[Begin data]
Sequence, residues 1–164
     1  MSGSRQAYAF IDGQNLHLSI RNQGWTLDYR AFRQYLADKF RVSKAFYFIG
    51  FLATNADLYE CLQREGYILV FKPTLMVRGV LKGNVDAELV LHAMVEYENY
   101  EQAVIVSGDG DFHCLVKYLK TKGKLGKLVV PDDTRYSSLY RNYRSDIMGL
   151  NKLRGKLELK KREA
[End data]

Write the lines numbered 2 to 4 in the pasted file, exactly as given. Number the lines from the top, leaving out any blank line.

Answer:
     1  MSGSRQAYAF IDGQNLHLSI RNQGWTLDYR AFRQYLADKF RVSKAFYFIG
    51  FLATNADLYE CLQREGYILV FKPTLMVRGV LKGNVDAELV LHAMVEYENY
   101  EQAVIVSGDG DFHCLVKYLK TKGKLGKLVV PDDTRYSSLY RNYRSDIMGL